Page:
Cast: Jacky Heung, Keru Wang
Zip up that muscle suit and fire up that pole dance. The ever-devilish Johnnie To is back with the action and ballad-packed CHASING DREAM, a film reveling in genre mayhem and the cinematic feat of twisting two familiar storylines into one, the likes of which we’ve seen (but absolutely never seen) before. This is Rocky meets A Star is Born (meets ghosts of To’s filmography). Throw in MMA, mando-pop, gangsters, fantasy musical numbers, and hot pot, and you’ve got the unlikeliest keywords to be strung together this year. This is pure Johnnie To, letting us know in one glorious movie that there’s no genre he can’t do, undo, and outdo… all at the same time.
Shredded MMA fighter and human exclamation point, “Gluttonous Boxer” Tiger exuberantly wins bloody MMA bouts at night, despite a body clock ticking its way to blindness and death. Cuckoo is a ringside girl with a wimpy voice, determined to appear on a TV singing show to wreak havoc on a celebrity judge. Turns out the judge is an ex-boyfriend who stole her songs and became a huge star, earning him the slyly boring title: “The King of Originality.” As life turns the screws and each must battle “one last time,” Tiger and Cuckoo’s cheering for each other becomes To’s irresistible karmic force, culminating in one of the strangest cinematic palimpsests of all time.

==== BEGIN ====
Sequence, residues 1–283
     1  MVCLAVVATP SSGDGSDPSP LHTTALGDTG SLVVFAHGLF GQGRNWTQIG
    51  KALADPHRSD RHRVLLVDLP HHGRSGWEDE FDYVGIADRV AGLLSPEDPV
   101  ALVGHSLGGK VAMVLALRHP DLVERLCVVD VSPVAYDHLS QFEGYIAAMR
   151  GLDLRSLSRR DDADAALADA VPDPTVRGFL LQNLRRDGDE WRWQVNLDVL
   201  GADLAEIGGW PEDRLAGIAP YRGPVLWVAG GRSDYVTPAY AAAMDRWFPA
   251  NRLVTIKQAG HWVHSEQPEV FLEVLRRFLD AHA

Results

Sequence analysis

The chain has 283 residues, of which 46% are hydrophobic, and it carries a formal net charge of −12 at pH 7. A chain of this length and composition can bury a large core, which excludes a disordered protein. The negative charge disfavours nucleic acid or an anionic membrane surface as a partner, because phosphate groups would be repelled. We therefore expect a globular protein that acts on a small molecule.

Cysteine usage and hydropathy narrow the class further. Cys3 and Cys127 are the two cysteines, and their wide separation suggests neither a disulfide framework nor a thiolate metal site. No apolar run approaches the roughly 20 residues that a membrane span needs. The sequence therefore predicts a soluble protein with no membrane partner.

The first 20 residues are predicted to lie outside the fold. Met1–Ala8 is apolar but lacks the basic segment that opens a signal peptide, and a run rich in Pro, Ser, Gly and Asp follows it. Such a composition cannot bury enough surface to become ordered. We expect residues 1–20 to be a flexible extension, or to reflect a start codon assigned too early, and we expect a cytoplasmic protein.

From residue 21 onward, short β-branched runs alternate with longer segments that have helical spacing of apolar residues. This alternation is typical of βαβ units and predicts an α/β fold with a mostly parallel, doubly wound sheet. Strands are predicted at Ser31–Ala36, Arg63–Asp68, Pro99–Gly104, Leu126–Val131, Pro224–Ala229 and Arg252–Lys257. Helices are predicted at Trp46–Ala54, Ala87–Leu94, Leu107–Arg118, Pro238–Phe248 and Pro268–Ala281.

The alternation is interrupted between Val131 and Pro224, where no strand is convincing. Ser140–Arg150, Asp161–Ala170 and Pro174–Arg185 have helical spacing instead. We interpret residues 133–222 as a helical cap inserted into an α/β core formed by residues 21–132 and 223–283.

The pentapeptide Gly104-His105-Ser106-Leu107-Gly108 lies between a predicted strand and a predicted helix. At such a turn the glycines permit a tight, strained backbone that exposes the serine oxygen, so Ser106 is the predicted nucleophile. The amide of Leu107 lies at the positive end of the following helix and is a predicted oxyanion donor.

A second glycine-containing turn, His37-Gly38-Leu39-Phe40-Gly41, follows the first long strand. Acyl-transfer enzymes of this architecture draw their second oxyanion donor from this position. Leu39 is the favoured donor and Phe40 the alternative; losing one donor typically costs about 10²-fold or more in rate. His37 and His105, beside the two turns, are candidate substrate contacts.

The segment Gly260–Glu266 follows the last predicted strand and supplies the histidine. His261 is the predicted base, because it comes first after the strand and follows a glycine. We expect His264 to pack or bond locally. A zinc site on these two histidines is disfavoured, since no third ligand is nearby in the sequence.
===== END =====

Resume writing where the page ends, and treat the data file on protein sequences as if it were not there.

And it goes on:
To’s fascination with China’s entertainment culture fills the frame, from a wonderland’ish set to the macabre possibilities of “following your dream.” But because this is To, CHASING DREAM also plays with second chances, redoublings, and the politics of mashups. In a standout moment, Cuckoo sings one song while pivoting wildly on a dime through the styles of Rihanna to Phoenix Legend, her frenzied ventriloquations becoming a masterful whirl of weird. There could be no better symbol for Johnny To’s irrepressible Hong Kong signature, and after his three-year hiatus, we couldn’t be happier to relinquish to yet another mutant wonder.